Podcast: Alberta This is Going to Hurt

This podcast is no longer being produced. The final episode aired July 5, 2021. The content predates successful conclusion of negotiations with government and ratification of a new agreement in fall 2022. Much of the content regarding the political environment has been overtaken by events, these items are being retained for archival purposes.

In this podcast, Alberta physicians delve into issues created by government funding changes over the last year that have created threats to our health care system, which will impact every Albertan. Guests of the podcast include community activists, academics, policy experts and patients who have been impacted by funding changes.

Meet our Podcast Hosts:

Dr. Sam Myhr is a full-scope family physician in Pincher Creek. Born and raised in small-town Alberta, she is passionate about ensuring rural Albertans have access to high-quality health care. When she’s not in the hospital or clinic, you can find Sam exploring her beautiful backyard with her pup or crushing her colleagues at board games. Described as “small, but fearless” by her patients, Sam continues to fight for rural health care through her new role as President of the AMA’s Section of Rural Medicine.

Dr. Jon Hilner is a family physician at the Grandin Clinic in St. Albert. In addition to directly caring for patients, Jon devotes countless hours to the advancement of primary care through his role in the Section of Family Medicine. He enjoys cooking and spending quality time with his twin girls and dog, Leonard.

Dr. Howard Evans is a urologist working in Edmonton through the Kaye Clinic and a Clinical Professor of Urology at the University of Alberta. When not seeing patients or teaching, Howard enjoys spending time with his family-physician wife and their four children, and he stays active through biking and running – even in Edmonton winters. Howard is looking forward to stepping into the world of podcasting, describing himself as having “the perfect face for radio.” He is currently a member of the AMA Board of Directors.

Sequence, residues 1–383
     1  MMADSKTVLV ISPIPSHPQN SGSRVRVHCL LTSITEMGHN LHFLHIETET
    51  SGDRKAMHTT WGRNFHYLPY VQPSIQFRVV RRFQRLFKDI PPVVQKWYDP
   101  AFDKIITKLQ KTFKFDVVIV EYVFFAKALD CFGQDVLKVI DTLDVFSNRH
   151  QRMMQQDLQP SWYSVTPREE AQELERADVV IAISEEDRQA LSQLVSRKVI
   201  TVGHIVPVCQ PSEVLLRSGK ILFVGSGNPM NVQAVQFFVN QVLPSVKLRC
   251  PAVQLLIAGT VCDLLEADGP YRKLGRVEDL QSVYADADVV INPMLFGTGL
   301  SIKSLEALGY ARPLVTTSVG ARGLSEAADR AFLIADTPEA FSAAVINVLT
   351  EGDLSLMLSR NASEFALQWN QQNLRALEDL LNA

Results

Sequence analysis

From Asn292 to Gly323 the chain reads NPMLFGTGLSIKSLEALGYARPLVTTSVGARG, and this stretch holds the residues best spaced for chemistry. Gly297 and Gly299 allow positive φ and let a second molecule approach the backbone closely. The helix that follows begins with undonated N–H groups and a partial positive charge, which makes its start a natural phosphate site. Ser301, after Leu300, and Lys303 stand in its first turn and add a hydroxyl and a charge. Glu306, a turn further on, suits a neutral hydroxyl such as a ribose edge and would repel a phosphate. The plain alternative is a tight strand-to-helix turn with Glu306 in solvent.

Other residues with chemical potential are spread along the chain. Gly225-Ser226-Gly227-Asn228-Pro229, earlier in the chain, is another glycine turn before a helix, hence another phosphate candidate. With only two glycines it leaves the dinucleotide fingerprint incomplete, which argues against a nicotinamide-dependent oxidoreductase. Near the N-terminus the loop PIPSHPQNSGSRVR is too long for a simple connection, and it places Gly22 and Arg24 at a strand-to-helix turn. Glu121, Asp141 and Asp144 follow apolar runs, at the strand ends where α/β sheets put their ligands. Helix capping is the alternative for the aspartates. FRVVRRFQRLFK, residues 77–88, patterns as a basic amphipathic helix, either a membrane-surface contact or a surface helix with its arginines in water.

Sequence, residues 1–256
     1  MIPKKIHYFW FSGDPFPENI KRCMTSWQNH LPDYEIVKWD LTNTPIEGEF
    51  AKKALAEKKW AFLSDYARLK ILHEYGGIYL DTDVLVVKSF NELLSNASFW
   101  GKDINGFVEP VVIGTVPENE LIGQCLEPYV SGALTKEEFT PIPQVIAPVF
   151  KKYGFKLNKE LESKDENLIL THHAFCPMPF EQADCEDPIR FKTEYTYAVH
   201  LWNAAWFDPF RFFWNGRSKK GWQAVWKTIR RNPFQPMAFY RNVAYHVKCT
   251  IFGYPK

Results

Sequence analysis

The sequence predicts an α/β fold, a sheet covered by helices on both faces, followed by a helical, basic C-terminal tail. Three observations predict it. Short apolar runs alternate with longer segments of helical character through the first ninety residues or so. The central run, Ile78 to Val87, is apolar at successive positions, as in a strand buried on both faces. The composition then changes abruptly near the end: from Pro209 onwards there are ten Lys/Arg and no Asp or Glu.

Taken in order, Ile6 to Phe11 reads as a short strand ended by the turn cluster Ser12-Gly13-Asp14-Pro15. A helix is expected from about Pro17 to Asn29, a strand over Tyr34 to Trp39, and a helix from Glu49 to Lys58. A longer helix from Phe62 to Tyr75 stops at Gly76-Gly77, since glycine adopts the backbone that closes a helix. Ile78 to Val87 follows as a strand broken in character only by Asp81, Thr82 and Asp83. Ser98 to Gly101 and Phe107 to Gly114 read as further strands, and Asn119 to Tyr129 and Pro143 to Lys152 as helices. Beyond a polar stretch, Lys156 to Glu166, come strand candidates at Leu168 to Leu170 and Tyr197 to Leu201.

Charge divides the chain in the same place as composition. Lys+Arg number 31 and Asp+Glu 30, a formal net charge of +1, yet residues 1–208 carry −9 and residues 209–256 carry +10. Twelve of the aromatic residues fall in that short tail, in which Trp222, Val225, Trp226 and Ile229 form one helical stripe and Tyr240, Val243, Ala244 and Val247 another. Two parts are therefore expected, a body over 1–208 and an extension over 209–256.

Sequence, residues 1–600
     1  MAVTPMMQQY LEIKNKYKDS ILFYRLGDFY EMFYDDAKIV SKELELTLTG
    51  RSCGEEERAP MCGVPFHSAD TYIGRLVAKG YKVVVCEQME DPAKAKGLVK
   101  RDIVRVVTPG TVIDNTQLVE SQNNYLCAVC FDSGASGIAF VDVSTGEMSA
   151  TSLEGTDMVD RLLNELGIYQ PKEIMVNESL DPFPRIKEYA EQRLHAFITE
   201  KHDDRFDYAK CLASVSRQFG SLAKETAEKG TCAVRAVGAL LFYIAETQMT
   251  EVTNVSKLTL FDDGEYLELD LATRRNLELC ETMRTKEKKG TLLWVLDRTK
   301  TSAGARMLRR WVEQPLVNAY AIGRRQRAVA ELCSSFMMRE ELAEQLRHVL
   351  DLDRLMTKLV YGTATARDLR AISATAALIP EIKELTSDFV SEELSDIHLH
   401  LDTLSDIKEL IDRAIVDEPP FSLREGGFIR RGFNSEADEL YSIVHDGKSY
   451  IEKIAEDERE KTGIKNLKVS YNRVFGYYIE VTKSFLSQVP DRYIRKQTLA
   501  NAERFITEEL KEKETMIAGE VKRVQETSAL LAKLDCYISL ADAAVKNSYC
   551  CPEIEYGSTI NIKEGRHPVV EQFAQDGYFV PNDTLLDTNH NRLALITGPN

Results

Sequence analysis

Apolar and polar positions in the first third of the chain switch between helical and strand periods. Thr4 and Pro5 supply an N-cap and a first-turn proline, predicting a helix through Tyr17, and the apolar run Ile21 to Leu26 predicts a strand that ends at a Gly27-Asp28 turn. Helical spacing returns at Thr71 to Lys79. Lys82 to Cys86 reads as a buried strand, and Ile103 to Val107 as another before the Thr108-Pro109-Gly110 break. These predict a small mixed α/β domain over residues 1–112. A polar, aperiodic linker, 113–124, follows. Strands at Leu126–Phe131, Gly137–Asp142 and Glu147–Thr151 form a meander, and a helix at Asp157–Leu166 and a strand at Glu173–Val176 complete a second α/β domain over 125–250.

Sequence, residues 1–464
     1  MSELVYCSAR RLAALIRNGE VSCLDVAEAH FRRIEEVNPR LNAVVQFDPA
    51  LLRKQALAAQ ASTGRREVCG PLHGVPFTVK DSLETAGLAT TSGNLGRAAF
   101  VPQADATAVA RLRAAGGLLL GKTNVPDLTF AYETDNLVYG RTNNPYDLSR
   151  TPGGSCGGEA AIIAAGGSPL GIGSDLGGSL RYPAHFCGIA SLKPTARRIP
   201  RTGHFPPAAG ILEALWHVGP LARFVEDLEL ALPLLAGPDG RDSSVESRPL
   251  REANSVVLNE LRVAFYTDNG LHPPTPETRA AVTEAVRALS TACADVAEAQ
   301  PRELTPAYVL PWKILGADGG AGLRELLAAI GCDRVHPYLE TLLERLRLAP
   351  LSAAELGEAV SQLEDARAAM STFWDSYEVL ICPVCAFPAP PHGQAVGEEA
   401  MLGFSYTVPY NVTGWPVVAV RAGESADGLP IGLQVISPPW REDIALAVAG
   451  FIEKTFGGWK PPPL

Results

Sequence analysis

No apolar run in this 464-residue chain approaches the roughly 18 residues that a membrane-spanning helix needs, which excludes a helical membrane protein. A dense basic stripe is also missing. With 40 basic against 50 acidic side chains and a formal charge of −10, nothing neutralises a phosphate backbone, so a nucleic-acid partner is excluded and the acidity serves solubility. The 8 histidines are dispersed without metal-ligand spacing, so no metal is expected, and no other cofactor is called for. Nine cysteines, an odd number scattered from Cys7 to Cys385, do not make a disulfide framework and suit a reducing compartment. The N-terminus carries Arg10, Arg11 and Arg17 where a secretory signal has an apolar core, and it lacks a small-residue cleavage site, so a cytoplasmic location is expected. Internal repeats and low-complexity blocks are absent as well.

Episode 1 – Alberta, This is Going to Hurt

In this first episode we’ll discuss what’s happened to Alberta’s health care system over the past year. From ripped-up contracts and rushed legislation, to the long list of cuts and changes made without consultation. All of this during a global pandemic. And we’ll talk about what that means to our patients, our province and our profession – right now and in the future.

Episode 2 – the downstream consequences of COVID-19 on Alberta’s health care system

In this second episode of Alberta, This is Going to Hurt we’ll discuss the downstream impact of COVID on the health of Albertans. From delays in diagnosis and lapsed monitoring of chronic conditions, to people avoiding emergency rooms for serious events, we know there will be long-term consequences with staggering human and financial costs. We also speak with Dr. Richard Rabeeh, a pediatric psychiatrist, about the impact COVID has had on the mental health of children and adolescents.

Episode 3 - Getting to know our AMA President: a fireside chat with Dr. Paul Boucher

In this episode of Alberta, This is Going to Hurt, our hosts interview Dr. Paul Boucher, President of the AMA and an ICU physician working at Calgary’s Foothills Medical Centre. Listen as Dr. Boucher discusses some of the challenges Alberta physicians have experienced over the past year, including the increasing pressures on primary care. He’ll also talk about how the AMA is working with government to move toward an agreement that can restore much-needed stability to our health care system.